South Africa’s energy system currently relies on coal for 70% of its energy production. The country experiences increasingly severe rolling blackouts and is aiming to transition its energy mix away from coal under the Just Transition Energy Partnership signed at COP26.

According to Climate Action Tracker, the country’s current climate policies are “insufficient” to limit warming to 1.5 oC.

“South Africa is not only vulnerable to the physical effects of climate change, but it’s also enduring a severe energy crisis within a system that relies heavily on coal.

“Despite this, key parts of the country’s business community continue to support a continued role for fossil fuels like coal and gas.

“. . . negative lobbying appears to have successfully weakened key climate policies, which will end up making it harder for the country to achieve its long-term targets,” InfluenceMap analyst Ciara Ellis says.

The report identifies the potential for positive climate voices to emerge within the corporate sector, noting that several companies appeared to have either none or very limited engagement with specific climate policies.

One of the difficulties noted in carrying out the research, however, was that there was a lack of lobbying transparency regulations in South Africa, leaving non-public engagement pathways open to industry.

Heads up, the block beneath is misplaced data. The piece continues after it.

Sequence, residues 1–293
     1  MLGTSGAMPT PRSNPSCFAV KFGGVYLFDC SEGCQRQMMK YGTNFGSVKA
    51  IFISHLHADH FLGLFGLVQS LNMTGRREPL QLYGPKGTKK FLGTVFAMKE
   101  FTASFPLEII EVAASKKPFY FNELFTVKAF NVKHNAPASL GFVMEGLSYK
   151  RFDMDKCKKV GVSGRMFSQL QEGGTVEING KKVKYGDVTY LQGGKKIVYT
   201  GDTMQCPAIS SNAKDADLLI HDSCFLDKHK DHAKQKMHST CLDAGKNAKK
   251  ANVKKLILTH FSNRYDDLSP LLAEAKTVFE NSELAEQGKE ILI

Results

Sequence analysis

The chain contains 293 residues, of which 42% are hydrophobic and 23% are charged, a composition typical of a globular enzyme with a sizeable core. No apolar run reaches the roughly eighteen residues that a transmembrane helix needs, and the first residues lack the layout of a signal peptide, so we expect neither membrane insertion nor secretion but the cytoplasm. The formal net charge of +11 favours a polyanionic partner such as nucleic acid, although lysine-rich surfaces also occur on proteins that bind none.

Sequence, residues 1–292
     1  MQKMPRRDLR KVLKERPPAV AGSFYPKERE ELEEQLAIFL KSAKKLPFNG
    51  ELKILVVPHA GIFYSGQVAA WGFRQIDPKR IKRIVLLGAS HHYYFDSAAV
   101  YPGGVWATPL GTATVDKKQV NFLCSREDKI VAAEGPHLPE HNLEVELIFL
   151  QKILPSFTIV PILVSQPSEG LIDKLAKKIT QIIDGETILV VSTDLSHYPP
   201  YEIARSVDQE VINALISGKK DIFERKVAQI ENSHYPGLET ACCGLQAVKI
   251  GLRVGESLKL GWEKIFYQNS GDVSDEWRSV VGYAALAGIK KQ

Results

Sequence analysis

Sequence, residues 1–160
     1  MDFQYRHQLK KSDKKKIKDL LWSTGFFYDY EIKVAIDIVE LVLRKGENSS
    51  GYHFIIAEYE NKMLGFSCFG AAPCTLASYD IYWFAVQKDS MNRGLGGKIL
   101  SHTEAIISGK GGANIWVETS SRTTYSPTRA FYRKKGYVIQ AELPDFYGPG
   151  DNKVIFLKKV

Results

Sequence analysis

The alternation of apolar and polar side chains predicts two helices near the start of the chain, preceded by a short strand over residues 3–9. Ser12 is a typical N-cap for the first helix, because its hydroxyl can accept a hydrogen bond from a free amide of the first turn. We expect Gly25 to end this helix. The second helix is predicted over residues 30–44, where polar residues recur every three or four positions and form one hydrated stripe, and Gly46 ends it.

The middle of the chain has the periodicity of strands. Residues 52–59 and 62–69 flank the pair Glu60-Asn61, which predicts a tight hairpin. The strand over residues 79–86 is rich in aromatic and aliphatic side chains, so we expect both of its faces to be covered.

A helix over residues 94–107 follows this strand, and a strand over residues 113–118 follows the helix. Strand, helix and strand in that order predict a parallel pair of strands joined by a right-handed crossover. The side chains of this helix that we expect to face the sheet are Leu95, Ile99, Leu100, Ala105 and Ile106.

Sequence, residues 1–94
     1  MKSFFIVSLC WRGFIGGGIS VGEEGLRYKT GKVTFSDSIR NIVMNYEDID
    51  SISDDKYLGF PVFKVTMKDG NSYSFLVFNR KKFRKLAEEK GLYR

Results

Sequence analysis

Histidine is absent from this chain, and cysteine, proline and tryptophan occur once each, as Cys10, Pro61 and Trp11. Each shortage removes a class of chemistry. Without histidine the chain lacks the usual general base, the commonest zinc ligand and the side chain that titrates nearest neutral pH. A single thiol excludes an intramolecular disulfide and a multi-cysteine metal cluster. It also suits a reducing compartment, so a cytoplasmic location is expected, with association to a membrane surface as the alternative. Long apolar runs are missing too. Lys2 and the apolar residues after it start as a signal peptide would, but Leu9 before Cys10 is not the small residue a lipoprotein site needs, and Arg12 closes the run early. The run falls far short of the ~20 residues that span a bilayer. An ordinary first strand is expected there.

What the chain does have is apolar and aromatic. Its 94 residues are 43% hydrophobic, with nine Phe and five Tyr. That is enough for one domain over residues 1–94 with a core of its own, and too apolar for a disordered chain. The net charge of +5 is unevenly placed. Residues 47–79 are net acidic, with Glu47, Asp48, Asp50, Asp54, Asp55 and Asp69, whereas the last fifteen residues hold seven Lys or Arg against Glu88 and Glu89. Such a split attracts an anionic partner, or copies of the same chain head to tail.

InfluenceMap’s global analysis has often found a strong correlation between a failure by governments to act on climate, and a powerful fossil fuel lobby alongside limited transparency around the policy process, resulting in ‘policy capture’.

Responding to the report, Old Mutual Investment Group stewardship head Nicole Martens says the report highlights a number of the constraints facing South Africa’s largest emitters in their transition journeys – including those obstacles which are self-created – and presents a clear imperative for investors to act.

Investec sustainability head Tanya Dos Santos says dialogue and action on South Africa’s climate goals has never been more important.

“The more we collaborate and engage on climate policies and developments, the greater the chance that we will actually meet our climate ambitions – as individuals, as a company, as a sector and as a country.

“We may disagree on how we get there and which pathway to follow but we must hold each other accountable for promises made and for ensuring we balance all perspectives as we accelerate the just energy transition,” she says.

Just Share climate risk analyst Emma Schuster says the report demonstrates how negative climate lobbying in South Africa requires a much higher level of scrutiny locally.

“The damaging impact of this obstruction is ever more stark, given the country’s longstanding, intersecting crises of energy, jobs and growth. And yet, as the report finds, transparency and disclosure on companies’ climate policy engagement activities in South Africa is still limited. In fact, in many cases, it is non-existent.

“The report also confirms how negative climate lobbying is often outsourced to industry associations, while the companies themselves publicly proclaim their support for the Paris Agreement,” she states.